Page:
The big picture

New survey shows companies are open to moving to cheaper locales

Remote work — accelerated by the pandemic — has made it easier for companies to seek out less expensive regions

14 hours ago - Economy & Business
How the pandemic will reshape the job market

Some lost jobs will never come back.

Jun 23, 2020 - Economy & Business
Coronavirus could upend traditional workweeks

And working parents could hugely benefit.

Jun 16, 2020 - Economy & Business
What offices might look like as America returns to work

Say goodbye to snack jars and office gyms.

Jun 16, 2020 - Economy & Business
A reckoning for small business

Millions of businesses might not survive — and many of the tens of millions of jobs they support could evaporate.

May 23, 2020 - Economy & Business
The aging future of work

The tightening labor market is opening up new opportunities for American workers over age 50.

Feb 12, 2020 - Economy & Business

All Jobs stories

Dion Rabouin, author of Markets
21 hours ago - Economy & Business

Unemployment data shows worrisome trends

Data: U.S. Department of Labor; Chart: Andrew Witherspoon/Axios

More than a million people filed for traditional unemployment benefits last week for the first time since July, further highlighting the impact the resurgence of the coronavirus pandemic is having on the U.S. economy.

By the numbers: Including those who filed for benefits under the Pandemic Unemployment Assistance program, more than 1.4 million Americans filed claims last week, an increase of more than 231,000 filing traditional claims and more than 123,000 filing for PUA support from the previous week, according to the unadjusted data.

The case of the missing relief money

Illustration: Sarah Grillo/Axios

A chunk of stimulus payments is missing in action, thanks to a mix up that put as many as 13 million checks into invalid bank accounts.

Why it matters: The IRS (by law) was supposed to get all payments out by Friday. Now the onus could shift to Americans to claim the money on their tax refund — further delaying relief to struggling, lower-income Americans.

Fed chair: No interest rate hike coming any time soon

Fed chair Jerome Powell ahead of a congressional hearing in December. (Photo via Getty Images)

Interest rates will stay near zero for the foreseeable future, Federal Reserve chairman Jerome Powell said on Thursday.

Why it matters: It staves off concerns that the central bank is eyeing pulling back on its easy money policy if the economy recovers faster than anticipated.

Unemployment filings explode again as pandemic slams job market

Volunteers distribute meals at a food bank in Pennsylvania last month. (Photo: Ben Hasty/MediaNews Group/Reading Eagle via Getty Images)

More than 1.4 million Americans filed for jobless claims last week — a figure that includes first-time filings for regular state unemployment and another program for non-traditional workers.

Why it matters: It’s another surge in the number of Americans applying for unemployment benefits, an additional sign the labor market is facing more strain as the coronavirus continues to ravage the country.

Biden's radical economic agenda

Illustration: Sarah Grillo/Axios

Power will move from Wall Street to Washington over the next four years. That's the message being sent by President-elect Biden, with his expected nomination of Wall Street foe Gary Gensler as the new head of the SEC, and also by Sherrod Brown, the incoming head of the Senate Banking Committee.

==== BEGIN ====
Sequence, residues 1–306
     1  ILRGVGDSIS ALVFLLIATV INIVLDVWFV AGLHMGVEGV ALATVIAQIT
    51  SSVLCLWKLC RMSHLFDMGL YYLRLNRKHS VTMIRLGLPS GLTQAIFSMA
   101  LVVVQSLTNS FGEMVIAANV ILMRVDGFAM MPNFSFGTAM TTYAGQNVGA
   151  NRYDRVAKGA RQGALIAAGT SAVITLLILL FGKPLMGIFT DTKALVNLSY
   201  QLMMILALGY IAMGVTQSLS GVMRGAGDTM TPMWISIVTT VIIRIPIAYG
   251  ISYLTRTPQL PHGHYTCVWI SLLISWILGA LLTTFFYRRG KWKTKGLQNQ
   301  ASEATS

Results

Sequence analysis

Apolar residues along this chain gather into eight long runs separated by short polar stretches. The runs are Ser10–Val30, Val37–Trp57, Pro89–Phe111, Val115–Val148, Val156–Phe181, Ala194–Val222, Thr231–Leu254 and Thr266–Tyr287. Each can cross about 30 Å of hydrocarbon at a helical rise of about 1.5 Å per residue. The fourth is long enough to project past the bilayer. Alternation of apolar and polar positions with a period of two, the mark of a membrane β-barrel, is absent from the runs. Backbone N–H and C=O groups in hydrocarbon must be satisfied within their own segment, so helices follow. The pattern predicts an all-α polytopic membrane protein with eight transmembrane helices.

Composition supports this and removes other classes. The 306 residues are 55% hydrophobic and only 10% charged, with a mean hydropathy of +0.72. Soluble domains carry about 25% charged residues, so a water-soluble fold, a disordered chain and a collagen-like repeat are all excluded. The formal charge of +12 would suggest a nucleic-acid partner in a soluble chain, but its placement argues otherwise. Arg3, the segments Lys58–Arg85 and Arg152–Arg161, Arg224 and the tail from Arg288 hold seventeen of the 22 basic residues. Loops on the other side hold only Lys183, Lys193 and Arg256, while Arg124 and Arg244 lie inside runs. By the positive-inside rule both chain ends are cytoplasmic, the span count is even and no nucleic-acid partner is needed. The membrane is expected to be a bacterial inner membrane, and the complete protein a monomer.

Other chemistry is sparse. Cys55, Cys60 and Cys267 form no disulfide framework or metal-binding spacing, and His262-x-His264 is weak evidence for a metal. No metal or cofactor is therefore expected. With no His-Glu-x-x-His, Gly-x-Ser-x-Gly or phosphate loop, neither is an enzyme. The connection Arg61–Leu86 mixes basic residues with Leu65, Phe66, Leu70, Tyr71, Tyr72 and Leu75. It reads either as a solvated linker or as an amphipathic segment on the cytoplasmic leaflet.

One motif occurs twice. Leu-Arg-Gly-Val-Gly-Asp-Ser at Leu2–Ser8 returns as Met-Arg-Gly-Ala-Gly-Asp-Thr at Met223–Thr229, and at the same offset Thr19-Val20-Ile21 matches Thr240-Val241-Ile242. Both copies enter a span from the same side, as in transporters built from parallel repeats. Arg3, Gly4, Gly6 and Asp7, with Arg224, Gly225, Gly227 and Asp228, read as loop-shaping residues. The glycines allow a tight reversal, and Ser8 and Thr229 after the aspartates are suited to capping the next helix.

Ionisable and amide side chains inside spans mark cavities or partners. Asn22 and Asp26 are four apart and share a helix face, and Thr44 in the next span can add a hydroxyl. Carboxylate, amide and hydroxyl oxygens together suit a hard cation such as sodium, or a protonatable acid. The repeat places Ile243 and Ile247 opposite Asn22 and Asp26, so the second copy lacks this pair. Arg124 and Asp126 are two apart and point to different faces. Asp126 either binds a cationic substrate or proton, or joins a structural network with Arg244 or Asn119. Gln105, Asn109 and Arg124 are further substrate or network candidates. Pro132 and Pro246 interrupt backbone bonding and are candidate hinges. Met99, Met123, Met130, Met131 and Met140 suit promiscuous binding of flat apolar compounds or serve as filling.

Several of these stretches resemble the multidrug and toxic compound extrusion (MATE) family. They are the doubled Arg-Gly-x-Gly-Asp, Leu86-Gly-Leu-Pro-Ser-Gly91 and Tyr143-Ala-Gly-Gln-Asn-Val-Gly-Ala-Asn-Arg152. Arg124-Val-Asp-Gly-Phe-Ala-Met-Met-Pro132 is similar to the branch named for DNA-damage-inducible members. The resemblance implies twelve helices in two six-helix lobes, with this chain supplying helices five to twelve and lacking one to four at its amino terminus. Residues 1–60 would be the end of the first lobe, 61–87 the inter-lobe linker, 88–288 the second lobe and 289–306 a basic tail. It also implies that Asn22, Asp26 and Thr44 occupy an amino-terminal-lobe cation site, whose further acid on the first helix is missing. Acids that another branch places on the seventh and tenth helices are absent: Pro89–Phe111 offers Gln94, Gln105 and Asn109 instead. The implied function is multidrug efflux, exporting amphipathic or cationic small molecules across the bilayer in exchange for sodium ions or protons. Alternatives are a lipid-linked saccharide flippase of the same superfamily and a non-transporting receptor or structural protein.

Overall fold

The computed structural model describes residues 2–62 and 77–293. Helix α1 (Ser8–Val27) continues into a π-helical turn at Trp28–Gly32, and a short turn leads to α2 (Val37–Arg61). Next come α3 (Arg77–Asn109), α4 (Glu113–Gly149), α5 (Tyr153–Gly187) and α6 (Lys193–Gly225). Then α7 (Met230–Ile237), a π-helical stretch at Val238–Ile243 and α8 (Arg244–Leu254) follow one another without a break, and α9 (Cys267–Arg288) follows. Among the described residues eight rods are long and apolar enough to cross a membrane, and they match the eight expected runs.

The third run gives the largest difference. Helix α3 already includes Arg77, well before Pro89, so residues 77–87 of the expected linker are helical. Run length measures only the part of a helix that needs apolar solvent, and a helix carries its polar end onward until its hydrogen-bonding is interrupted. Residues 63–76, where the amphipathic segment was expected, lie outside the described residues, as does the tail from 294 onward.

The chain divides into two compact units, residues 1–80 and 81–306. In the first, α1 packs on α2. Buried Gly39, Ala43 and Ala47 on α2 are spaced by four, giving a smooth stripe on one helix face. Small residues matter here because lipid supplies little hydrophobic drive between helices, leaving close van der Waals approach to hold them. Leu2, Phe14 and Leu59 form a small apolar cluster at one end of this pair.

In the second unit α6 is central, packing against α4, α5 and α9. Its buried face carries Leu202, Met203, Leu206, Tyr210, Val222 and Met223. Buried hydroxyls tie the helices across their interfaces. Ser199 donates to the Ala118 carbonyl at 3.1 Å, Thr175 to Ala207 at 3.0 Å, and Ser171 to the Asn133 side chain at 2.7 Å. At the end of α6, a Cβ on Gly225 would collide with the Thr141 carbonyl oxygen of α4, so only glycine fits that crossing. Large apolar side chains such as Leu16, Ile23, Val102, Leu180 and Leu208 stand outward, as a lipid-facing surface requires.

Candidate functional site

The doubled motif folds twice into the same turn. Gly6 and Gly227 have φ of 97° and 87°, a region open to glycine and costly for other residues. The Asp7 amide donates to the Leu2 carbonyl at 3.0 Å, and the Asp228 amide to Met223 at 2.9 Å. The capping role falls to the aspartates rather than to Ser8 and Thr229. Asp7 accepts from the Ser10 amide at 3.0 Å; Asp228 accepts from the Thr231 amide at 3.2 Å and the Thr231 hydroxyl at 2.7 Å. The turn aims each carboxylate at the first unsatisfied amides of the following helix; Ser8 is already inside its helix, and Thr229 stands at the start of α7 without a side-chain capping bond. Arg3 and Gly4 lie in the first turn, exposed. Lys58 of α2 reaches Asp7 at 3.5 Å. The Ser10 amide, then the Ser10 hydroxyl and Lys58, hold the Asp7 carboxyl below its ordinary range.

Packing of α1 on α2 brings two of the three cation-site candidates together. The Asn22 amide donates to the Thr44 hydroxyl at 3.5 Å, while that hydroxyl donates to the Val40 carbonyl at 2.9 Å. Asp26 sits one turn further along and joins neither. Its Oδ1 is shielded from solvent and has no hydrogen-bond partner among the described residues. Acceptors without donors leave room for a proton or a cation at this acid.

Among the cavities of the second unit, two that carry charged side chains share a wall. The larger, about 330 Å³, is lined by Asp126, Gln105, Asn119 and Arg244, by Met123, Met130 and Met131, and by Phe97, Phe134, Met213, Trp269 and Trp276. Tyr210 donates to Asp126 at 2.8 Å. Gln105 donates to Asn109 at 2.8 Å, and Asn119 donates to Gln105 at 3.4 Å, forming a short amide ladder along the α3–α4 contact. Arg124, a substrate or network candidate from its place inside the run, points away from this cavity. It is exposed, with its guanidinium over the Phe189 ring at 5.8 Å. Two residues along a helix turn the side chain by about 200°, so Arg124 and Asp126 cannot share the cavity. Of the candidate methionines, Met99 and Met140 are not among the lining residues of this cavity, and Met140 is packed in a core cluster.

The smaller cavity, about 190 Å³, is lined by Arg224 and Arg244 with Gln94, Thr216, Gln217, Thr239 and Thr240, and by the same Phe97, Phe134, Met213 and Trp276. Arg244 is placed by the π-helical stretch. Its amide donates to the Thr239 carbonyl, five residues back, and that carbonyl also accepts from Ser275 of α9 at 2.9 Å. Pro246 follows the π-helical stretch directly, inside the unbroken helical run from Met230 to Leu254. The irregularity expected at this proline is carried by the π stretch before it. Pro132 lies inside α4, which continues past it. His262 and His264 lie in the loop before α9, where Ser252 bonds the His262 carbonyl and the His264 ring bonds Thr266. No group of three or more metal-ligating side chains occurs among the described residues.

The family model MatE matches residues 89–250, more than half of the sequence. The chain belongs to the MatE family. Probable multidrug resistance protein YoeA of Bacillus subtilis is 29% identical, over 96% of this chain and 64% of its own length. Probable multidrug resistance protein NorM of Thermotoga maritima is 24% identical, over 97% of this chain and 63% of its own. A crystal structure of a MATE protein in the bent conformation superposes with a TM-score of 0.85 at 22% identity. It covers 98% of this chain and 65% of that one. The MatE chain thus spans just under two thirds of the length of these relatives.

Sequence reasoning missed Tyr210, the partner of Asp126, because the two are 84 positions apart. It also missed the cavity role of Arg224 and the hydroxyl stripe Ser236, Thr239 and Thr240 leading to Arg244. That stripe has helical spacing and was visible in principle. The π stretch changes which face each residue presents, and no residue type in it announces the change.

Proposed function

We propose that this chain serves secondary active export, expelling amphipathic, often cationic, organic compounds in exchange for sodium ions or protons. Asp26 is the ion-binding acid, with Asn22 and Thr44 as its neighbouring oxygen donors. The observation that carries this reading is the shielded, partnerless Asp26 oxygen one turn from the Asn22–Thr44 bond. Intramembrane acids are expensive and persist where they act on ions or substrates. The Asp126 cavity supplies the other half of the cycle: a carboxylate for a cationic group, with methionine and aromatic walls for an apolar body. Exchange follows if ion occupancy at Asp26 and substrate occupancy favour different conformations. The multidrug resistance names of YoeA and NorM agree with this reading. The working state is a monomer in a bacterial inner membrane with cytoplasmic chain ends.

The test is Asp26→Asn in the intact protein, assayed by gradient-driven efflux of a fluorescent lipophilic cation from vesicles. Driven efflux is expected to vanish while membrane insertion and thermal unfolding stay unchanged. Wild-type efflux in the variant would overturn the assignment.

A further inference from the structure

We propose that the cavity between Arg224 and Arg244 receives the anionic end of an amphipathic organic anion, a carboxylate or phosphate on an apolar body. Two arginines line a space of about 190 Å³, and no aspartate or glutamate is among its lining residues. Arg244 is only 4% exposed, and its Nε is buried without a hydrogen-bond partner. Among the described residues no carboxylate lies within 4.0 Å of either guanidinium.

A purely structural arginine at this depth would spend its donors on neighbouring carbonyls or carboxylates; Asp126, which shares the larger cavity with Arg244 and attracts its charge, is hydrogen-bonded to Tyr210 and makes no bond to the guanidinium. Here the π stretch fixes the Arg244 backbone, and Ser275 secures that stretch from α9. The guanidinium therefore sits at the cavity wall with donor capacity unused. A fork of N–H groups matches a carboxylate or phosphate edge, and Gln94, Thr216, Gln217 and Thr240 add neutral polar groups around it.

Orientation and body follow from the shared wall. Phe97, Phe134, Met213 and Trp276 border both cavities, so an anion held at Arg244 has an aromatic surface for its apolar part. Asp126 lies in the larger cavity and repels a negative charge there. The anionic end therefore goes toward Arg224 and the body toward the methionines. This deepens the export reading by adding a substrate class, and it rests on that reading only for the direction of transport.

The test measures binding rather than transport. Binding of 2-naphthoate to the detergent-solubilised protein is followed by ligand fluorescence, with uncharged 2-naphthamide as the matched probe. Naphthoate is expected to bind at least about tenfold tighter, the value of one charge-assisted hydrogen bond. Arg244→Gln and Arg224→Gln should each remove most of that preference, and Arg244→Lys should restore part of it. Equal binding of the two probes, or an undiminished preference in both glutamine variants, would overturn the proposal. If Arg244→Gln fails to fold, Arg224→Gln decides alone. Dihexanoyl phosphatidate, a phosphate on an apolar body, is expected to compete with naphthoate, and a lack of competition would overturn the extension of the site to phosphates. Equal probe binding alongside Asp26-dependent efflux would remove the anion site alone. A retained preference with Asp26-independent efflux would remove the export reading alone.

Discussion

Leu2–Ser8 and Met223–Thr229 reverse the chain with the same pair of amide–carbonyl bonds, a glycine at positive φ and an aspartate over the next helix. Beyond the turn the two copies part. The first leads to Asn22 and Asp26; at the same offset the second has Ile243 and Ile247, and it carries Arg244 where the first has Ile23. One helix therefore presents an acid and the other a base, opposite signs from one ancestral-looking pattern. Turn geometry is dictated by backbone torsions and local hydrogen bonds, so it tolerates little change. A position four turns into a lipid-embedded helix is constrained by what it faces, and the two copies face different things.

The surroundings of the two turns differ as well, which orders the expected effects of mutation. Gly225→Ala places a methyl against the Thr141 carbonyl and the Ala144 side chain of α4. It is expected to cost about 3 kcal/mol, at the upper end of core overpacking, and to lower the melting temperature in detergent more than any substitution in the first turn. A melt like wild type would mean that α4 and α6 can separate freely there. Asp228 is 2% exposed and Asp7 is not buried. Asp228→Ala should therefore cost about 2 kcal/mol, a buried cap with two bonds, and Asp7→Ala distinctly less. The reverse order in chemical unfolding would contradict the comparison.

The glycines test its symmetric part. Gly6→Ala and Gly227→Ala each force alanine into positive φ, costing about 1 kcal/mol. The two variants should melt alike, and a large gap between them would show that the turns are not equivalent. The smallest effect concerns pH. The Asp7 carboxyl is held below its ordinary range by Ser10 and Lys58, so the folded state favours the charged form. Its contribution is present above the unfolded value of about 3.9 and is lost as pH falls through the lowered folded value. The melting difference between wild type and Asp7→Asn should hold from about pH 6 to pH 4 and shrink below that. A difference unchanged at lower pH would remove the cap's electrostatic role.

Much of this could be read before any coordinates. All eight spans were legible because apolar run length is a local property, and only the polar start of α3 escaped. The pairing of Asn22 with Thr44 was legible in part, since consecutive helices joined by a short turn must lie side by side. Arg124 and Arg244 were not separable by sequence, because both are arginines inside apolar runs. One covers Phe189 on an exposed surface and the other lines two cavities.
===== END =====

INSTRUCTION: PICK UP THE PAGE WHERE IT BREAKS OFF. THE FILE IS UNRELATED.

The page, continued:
Why it matters: Biden is going to attempt to chart an economic policy that's visibly to the left of Bill Clinton and Barack Obama. If he succeeds, it's going to show up not only in taxes and spending, but also in regulation.

Erica Pandey, author of @Work
Jan 13, 2021 - Economy & Business

The new workplace perils

Illustration: Sarah Grillo/Axios

Over the last year, jobs that we never considered dangerous have turned into hazardous occupations.

Why it matters: Millions of Americans are finding themselves on the front lines of crises that they didn't see coming — and they're often not trained, or paid enough, to be there.

Erica Pandey, author of @Work
Jan 13, 2021 - Economy & Business

Vaccine distribution spurs boom in pharmacy jobs

A pharmacist prepares to administer the Pfizer vaccine. Photo: Brendan Smialowski/AFP via Getty

The enormous task of distributing the vaccine across America is leading to a spike in pharmacy job openings.

By the numbers: Pharmacy job postings were up 9.7% in December compared with December 2019 levels, according to data from the jobs site Indeed.

The jobs report silver linings that are a mirage

Illustration: Lazaro Gamio/Axios

The labor market recovery came to a screeching halt in December, and the few data points that look promising for some of the most vulnerable working Americans are actually deeply troubling upon further inspection.

Driving the news: The recovery was interrupted as the coronavirus raged and the government was slow to move on fiscal support. 

Dion Rabouin, author of Markets
Jan 8, 2021 - Economy & Business

Labor market is moving in the wrong direction

Data: U.S. Department of Labor via FRED; Chart: Axios Visuals

More than 1 million Americans filed for unemployment benefits for the first time last week, even as new applications for the Pandemic Unemployment Assistance program fell to their lowest level since March.

State of play: The $900 billion stimulus bill passed by Congress at the end of December extended the PUA program through at least March but also added a new verification process that forces applicants to reapply in order to reduce fraud.

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